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Art Competition Gallery 2017
Welcome to the Life in Death gallery! These artworks were entered in Palliative Care Australia’s art competition earlier in 2017. Hover over an artwork to learn more about it.
Thank you to all the entrants and those who attended the exhibition!
A light touch
By Kerrie Marriott Anderson
Living with a terminal illness and grief can feel like living in a bubble. Removed from the world’s colour of activity. An invisible barrier that can offer protection but can also keep emotion, conversation, support and even love from being shared. Offering a hand. Connecting through touch. Just holding hands, be it clinging tightly by finger tips or gently held can provide support and care with a wrapping of light, colour and warmth. A connection to community. Arms are positioned to show either is able to support the other and folds of the dress represent the wrinkles of life.
In the midst of the craziness that is life,there is always an element of calm,which is essential to deal with everyday problems.That is especially the case with palliative care.
It is wonderful to live in our society which has systems in place to support our journey from sickness to health. THE CALL is made to health professionals for diagnosis, hospital treatments and hopefully recovery. Sadly recovery may not be lasting or possible and we die. THE CALL is then made to the funeral industry. Without this vital connection to the practical, emotional and spiritual support of the community our needs would go unmet and our suffering compounded. THE CALL to connect with the community makes all the difference.
Selfie with Grandpa, 2014 Pastel on colored Paper 48 x 40 cm
By Elizabeth Bennett
We’re in an age where connection in community weaves face-to-face contact with digital networking. The work, based off a selfie taken while Grandfather was dying, blends the traditional and digital, capturing this previous generation within a contemporary technological communication practice. It reflects the strong ties my Grandfather nurtured with others, and holds him in the present and future for family, friends and community. The old and the young, both important parts of community, are side-by-side and reflect compassion, love and support in death. I painted at my final year in ANU art school.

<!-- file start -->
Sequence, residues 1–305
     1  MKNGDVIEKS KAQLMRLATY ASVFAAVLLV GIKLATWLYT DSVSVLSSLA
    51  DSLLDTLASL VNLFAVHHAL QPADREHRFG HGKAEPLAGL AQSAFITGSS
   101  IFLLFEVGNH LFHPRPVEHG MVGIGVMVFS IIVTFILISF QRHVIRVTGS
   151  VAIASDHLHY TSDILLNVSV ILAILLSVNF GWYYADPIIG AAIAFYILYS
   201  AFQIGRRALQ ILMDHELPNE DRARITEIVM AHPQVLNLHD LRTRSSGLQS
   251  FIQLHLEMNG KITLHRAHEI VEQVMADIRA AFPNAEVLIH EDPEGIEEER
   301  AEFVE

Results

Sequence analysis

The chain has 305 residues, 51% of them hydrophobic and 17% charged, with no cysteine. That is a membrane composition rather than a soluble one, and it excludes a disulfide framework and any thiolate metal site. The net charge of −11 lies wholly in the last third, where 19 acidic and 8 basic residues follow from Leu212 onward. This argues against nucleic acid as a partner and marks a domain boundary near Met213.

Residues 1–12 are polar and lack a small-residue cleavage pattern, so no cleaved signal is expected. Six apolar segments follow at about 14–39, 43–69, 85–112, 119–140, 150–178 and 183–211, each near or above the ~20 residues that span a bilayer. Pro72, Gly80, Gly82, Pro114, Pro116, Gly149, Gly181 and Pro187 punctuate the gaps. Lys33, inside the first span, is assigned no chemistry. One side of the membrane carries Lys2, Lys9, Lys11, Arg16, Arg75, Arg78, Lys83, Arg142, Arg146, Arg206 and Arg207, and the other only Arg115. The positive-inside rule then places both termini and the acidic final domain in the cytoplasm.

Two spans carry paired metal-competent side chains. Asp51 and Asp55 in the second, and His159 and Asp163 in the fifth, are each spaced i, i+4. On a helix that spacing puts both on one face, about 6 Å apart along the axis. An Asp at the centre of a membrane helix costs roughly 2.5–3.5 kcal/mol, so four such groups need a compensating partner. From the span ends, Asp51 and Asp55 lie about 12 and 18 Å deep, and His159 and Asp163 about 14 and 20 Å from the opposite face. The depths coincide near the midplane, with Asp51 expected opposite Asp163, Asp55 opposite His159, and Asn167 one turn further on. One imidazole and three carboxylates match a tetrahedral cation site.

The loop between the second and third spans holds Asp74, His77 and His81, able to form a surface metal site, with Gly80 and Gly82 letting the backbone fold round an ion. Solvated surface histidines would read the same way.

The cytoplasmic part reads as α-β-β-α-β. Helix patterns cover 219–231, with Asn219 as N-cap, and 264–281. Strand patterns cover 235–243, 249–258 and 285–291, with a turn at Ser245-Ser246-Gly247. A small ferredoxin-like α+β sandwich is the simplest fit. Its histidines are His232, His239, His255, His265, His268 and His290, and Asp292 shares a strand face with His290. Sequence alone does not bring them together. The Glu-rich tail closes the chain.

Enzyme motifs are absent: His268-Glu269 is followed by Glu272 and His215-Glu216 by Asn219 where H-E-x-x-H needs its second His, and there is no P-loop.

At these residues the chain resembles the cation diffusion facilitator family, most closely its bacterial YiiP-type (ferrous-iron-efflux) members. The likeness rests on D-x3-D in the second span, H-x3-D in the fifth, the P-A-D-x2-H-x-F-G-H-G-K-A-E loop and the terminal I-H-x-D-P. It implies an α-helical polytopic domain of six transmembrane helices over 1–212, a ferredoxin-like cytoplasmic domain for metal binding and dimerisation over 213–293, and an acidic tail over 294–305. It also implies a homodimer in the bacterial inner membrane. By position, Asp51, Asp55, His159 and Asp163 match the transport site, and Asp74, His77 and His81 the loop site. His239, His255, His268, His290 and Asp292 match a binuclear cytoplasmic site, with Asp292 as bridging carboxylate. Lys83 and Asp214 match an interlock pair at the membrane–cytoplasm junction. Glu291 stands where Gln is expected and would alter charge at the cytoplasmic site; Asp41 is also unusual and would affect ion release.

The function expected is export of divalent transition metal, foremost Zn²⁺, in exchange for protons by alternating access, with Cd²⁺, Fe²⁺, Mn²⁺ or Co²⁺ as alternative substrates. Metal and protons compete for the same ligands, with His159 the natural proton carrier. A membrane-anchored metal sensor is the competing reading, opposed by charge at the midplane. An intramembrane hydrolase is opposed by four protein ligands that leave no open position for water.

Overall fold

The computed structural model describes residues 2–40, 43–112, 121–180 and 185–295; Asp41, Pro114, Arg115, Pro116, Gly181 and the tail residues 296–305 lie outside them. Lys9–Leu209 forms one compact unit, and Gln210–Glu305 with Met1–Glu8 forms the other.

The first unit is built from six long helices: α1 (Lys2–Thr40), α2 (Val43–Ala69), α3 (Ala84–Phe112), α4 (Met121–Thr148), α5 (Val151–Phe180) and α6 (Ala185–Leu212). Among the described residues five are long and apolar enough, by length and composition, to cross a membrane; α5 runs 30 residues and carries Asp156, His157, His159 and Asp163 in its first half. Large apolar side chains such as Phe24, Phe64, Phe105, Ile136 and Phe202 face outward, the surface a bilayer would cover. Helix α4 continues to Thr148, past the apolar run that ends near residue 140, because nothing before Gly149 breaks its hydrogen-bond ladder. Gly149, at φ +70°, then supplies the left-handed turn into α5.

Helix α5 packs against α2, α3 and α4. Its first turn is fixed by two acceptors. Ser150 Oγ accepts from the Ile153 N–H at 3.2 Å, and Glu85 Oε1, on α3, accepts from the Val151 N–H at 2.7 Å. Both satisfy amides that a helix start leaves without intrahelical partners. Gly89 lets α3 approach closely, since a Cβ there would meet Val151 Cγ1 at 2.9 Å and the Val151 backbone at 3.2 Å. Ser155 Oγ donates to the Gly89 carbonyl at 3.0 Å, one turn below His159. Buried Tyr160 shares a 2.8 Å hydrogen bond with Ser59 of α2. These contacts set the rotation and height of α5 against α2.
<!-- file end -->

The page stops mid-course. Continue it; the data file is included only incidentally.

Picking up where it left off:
By Sarah L Walker
My mother's retirement village has a family lunch every month - and this lovely Croatian lady, Maria, always sits alone, facing the wall. I asked the staff if she'd join us but they said the window light is too bright and she prefers this table. She says a prayer, eats her meal and leaves. But I love that Maria joins the family lunch every month, although she could eat in her room - she chooses company and she's included, even when she faces the wall. We are different, with different needs but we all desire and deserve connection with others.
Being a full time carer of a person with Alzheimer's Disease, a terminal illness, is a painful, isolating and lonely journey. It takes one person to make a difference. Carmel, the Pastoral Associate at the aged residence, where my friend goes for respite, is a familiar, welcoming, reassuring face. Also a personal friend, away from work, she is always fully present to me with her listening heart.. We feel gifted by this seamless support and contentedness through both community and residential care. I In this portrait I have tried to capture the compassion and gentle wisdom of Carmels beautiful personality.